Entering movies as a Barbara Stanwyck double, Jean Chatburn actually made her way into the credited tier and even had a chance to become a full pledged working actress, but sadly left movies before she could make a memorable career for herself.
Geneveive Jennie May Kellar was born on September 11, 1914, in Hanover, Michigan, USA to Daniel H Kellar and Leora Marion M Kellar. Her father came from Indiana to Michigan and married her mother, a Michigan native.
In 1920, the family lived in Hanover, Michigan. Genevieve attended elementary and high schools in the city and showed an early interest in a showbiz career.
I have no idea exactly how she ended up in Hollywood, but by 1934 she was appearing in movies regularly.
As all girls who had any singing ability, one would expect Jean to be pushed into musicals for most of her brief career. Wrong! She actually had a varied career spanning several genres, somewhat of a rarity for somebody who was basically a starlet.
Her first movie, Paradise Valley, made in 1934, is a lost one today and nothing can be said about it’s quality or indeed any plot.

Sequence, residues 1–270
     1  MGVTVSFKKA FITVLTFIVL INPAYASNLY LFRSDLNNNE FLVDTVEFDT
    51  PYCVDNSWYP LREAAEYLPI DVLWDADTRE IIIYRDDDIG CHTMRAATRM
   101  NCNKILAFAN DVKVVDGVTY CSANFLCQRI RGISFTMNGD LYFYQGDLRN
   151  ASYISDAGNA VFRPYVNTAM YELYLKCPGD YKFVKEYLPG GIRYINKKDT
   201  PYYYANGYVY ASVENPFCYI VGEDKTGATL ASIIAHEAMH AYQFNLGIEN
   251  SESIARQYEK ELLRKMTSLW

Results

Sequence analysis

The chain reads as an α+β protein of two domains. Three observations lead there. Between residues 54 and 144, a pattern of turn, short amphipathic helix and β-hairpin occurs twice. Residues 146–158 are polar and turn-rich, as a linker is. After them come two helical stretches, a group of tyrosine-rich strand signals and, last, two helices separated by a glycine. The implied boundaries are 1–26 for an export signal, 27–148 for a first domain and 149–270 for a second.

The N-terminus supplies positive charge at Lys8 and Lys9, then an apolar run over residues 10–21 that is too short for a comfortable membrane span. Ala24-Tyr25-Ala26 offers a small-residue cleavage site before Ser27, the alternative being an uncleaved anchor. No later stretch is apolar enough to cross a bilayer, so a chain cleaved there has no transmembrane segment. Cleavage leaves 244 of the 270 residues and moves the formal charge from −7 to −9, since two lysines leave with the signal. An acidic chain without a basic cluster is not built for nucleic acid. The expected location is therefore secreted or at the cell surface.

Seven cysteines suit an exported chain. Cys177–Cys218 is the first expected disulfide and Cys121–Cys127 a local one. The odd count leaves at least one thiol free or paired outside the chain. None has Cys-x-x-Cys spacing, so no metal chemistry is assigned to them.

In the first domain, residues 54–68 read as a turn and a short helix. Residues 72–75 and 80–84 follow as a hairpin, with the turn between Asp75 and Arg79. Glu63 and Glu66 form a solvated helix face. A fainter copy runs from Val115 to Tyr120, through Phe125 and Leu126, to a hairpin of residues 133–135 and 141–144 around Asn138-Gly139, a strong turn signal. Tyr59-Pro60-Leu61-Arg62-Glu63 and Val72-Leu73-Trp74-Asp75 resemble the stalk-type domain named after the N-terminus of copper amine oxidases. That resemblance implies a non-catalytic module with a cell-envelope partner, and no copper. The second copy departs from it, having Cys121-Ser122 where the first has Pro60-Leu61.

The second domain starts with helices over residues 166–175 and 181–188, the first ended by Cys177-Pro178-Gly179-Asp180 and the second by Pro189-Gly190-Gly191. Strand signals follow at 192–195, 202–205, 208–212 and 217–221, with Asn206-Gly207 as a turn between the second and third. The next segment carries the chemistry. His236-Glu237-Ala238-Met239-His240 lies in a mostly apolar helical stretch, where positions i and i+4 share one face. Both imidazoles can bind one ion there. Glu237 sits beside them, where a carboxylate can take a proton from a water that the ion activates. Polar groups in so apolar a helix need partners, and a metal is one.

Come On, Marines! her second feature, could have been a very good if not solid jungle combat movie, but ends up a lukewarm mess with no real redeeming features (a lot of money and authenticity went into its making, but for no avail). Thirty Day Princess, while no big master piece, is Jean’s first solid movie. A fluffly comedy starring Sylvia Sidney and Cary Grant, it’s a perfect Sunday afternoon watching and highly enjoyable if you’re not looking for a serious, philosophical drama. Jean had a short foray into serious drama with Society Doctor, a mediocre movie with Chester Morris on the downside of his career and Robert Taylor on the upside (although it’s clear as day that Morris is a seasoned actor and Taylor a mere amateur trying to learn his craft… Sadly I never found Taylor to be a good actor until the 1950s, when he finally matured into something, but even then he was lacking compared to the true greats of cinema… Ah well, a handsome face could get you far if you had the right breaks!). A predecessor of the Ben Casey franchise with a dedicated but gruff doctor as the lead, the movie has it’s moments of glory but also had several highly absurd ones (Morris’s character operating on himself with the help of a mirror! Come on!!).